Besides the love story, the film also seems to be a mirror of Hungarian society? Does it especially have to do with Hungary?
No. I really wanetd to make a timeless story, even in the choice of the clothes for example. So nothing is retrostyle. But we really made an effort to put this love story in a concrete place, in a concrete country, in a concrete location and in an aspect of a timeless story.
So your point is, corruption could happen in every country basically? Is it just human in the end?
Yes, it is a part of humanity.
The dream sequences are becoming less frequent throughout the film. Is the dreaming only a means to the end – in the end?
Absolutely. It is not just about being able to open up for another person. The dreams they share, give them the first push, to reconsider their whole life, to step out from their shelter and to risk something. Maria starts to experiment, to discover things. It is a kind of training for her, to feel the sunshine and the grass. Without all this, she wouldn’t be able to do so.
Do you think that something like this can happen in real life? That a dream can push you towards something?
It is an idea that I had for the movie, but of course it could be anything with a strong impulse that pushes you towards changing your life, which opens your perspectives for you.
The theme of soulmates. Is it something that people should associate with the protagonists?
That was not my intention. I wanted them to be special, but in a way every human being is special. First we see the surface, which is weird or even a bit unattractiv. For example Sanyi, the chef of the slaughterhouse, is a macho. But it is important to look behind the surface and see, that he is just a guy, who thinks this is a good way to survive in society, to be respected, to be accepted, to be loved.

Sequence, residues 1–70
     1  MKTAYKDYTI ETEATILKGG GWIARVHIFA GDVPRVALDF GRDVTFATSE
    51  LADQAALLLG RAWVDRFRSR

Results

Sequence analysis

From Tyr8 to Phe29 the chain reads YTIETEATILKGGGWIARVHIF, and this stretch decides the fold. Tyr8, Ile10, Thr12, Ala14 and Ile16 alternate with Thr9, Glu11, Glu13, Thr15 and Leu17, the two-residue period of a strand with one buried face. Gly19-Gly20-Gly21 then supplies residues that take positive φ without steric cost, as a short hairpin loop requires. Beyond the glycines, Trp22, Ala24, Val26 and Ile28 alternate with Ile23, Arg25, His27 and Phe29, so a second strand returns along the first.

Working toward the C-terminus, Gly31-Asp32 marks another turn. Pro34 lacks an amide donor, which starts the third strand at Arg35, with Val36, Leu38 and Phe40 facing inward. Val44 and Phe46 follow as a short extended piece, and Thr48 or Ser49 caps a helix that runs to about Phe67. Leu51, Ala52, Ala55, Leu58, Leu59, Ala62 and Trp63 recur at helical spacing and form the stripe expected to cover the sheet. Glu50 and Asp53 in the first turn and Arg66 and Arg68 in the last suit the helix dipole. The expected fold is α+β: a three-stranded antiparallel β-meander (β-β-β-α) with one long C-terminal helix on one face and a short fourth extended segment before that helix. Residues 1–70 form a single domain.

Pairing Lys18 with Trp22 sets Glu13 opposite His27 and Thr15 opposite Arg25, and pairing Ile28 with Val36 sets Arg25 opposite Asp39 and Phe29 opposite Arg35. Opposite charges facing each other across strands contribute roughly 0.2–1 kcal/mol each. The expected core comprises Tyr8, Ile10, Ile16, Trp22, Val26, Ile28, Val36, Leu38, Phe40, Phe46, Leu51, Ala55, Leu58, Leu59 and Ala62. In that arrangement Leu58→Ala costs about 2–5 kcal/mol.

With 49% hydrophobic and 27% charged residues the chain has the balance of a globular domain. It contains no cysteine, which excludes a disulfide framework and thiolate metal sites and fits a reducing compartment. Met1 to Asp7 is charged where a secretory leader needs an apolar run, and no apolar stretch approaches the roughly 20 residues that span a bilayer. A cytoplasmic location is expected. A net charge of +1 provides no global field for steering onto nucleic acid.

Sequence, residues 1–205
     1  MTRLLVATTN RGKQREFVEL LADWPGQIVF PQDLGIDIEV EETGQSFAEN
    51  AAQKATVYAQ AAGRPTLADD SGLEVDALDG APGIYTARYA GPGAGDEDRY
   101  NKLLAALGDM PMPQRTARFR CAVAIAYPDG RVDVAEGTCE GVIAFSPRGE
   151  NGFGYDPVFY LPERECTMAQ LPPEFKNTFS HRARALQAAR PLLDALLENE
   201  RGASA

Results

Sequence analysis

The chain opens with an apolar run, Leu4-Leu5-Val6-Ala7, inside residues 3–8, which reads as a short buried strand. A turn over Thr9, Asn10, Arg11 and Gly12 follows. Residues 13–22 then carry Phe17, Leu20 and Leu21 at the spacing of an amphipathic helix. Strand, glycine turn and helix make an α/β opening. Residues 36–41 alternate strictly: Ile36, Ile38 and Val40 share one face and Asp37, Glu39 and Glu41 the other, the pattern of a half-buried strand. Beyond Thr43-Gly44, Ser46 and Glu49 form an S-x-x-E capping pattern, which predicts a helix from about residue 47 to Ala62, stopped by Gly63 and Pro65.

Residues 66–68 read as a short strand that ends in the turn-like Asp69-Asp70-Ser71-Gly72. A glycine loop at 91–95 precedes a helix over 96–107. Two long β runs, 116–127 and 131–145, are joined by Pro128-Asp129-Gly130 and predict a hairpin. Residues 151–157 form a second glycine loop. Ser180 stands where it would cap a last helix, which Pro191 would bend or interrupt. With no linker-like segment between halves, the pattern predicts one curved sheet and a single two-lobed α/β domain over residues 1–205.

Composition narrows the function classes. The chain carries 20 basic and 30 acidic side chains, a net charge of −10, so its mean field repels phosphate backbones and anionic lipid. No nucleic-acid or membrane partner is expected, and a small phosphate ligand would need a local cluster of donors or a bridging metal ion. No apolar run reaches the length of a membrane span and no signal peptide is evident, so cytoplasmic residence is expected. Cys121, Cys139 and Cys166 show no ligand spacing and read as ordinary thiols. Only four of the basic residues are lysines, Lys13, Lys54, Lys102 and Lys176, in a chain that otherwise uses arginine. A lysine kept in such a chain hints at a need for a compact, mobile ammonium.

There is also lots of humor in the film, and lots of tragedy – that changes quickly. Why did you chose to film it like that?
It was not a choice. It is like this in real life – nothing is just comedy or tragedy. It was so important for us, to show the funny side of the situation as well and to open the heart of the spectator. You can become anything with love and you can become a deeper character. And maybe you will approach these characters with more tenderness? You are less strict with them. It came quiet naturally to me, because this is how I function.
The dream sequences are beautiful shots of two dears meeting in the forrest. Why did your chose the dear as an animal?
Because they are the closest wild animals to the cattle. You see the same physical aspect and you see the difference in how we treat the animals. The film starts with the very dirty and tired legs of a cow on the matter sheet and it summarizes, they are dirty because of us not because they are animals.
How hard was it to film the sequel in the woods with the animals?
It was a strong experience to be in the mountains far from anything else, in the winter woods. We had to be there before sunrise and stay after sunset. It was really cold and that makes you feel very alive. It took us one week and we were shooting a lot. It was a beautiful experience for the whole crew, because you have to be very patient, but very awake at the same time, always ready to shoot. There is a scene with the running dear, that we were preparing with a horse.
You had a trainer with you?
Yes that was necessary.
The scenes turned out beautiful.
Yes, we had some incredible luck with the starting sequence. It were the last seconds before sunset, the very end of magic hour, when the dears started to move and interact like we wanted it. And immediately in that moment, it started to snow. We were amazed and very lucky.
Thank you for the interview Mrs. Enyedi.
Soho House, Berlin, 21.07.2017.